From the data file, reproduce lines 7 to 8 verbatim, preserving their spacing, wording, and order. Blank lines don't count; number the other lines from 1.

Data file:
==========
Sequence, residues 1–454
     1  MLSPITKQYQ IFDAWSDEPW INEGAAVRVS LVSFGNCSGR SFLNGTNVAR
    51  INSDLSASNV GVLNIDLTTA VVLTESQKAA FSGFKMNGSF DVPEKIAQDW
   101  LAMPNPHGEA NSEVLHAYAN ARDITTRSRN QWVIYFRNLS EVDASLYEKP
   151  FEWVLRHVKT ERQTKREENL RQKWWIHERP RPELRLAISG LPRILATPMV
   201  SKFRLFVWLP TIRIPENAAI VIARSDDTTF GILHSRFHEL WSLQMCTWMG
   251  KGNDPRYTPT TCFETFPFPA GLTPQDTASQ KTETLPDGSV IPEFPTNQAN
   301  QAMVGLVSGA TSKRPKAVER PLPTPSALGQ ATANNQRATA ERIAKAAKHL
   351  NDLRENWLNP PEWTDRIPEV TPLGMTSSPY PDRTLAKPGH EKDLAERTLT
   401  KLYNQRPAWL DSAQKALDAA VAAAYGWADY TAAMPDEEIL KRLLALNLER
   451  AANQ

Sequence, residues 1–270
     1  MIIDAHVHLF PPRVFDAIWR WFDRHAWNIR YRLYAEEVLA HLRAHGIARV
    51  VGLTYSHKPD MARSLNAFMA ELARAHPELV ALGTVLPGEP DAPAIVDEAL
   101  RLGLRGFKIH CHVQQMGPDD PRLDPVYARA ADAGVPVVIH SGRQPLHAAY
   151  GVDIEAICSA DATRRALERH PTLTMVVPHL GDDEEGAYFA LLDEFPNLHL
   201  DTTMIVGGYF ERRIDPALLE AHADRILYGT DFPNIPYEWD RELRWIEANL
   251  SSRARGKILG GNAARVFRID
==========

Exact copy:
   251  KGNDPRYTPT TCFETFPFPA GLTPQDTASQ KTETLPDGSV IPEFPTNQAN
   301  QAMVGLVSGA TSKRPKAVER PLPTPSALGQ ATANNQRATA ERIAKAAKHL